Time To Go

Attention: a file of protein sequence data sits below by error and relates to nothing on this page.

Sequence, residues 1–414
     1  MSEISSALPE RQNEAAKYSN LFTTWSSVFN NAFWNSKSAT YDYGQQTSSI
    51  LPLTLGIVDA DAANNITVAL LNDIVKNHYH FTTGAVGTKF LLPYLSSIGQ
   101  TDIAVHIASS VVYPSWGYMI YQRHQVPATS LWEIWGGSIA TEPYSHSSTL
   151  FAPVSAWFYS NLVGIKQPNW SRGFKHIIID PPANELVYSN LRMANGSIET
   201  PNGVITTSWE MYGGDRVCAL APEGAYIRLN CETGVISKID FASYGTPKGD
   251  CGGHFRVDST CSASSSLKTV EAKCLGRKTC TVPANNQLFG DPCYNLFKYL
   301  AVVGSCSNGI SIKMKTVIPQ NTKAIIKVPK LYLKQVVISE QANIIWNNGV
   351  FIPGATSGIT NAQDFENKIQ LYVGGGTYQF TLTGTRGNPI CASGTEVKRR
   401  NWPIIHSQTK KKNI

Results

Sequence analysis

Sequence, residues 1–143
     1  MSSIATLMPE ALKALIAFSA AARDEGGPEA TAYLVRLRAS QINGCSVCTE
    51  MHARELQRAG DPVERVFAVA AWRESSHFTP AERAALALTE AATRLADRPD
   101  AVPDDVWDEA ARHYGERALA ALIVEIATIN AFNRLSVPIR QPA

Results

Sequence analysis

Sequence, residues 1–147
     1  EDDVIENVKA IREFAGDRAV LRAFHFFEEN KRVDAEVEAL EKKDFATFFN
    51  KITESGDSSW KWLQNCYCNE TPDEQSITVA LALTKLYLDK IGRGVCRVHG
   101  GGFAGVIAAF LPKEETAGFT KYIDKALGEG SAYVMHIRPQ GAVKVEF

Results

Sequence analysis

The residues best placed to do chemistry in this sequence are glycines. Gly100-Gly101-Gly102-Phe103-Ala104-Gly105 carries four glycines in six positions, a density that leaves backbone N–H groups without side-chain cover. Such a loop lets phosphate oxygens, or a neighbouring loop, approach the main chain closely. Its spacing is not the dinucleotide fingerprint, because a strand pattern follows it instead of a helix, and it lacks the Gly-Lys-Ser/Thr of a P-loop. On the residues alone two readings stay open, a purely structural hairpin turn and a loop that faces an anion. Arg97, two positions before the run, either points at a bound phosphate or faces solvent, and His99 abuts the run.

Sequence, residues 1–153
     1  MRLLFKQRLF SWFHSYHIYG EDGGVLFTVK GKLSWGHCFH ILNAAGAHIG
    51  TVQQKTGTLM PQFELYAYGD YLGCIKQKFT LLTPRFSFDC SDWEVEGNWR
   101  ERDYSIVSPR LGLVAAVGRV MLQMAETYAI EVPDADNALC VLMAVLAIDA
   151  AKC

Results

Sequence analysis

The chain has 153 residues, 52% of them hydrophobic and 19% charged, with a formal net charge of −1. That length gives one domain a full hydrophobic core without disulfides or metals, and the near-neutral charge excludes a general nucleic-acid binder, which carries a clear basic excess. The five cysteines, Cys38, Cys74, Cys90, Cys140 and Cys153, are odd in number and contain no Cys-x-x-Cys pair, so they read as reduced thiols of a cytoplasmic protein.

Grizzly bears are interesting and complex animals. The maternal instincts of the mother grizzly are legendary, she is both attentive and protective of her young - to the death if necessary. It is touching to observe the sow grizzly nurse her young, guide their first wobbly steps and lead them to food and protection in their first days away from the den. Mortality can be high in the first couple of years; lack of food and predation from aggressive male grizzlies is particularly dangerous to the cubs. If the cubs survive however, the mother grizzly must ultimately force her cubs to become independent. Hopefully they have learned the lessons of survival mom has shared so they can move into the second stage of their lifecycle at around three years of age. Recently I had the privilege of observing and photographing a couple of young bears just beginning the difficult process of independence. I was glad that the two cubs at least had each other, they stayed very close together I noticed. Yes, their was some squabbling over a freshly captured ground squirrel and you could tell that one of the cubs was a bit more assertive than its sibling but I have to think that their odds are a little better having some companionship . Here's a photo of the pair heading up a hillside towards forest cover for the night (fingers crossed for these amazing creatures!)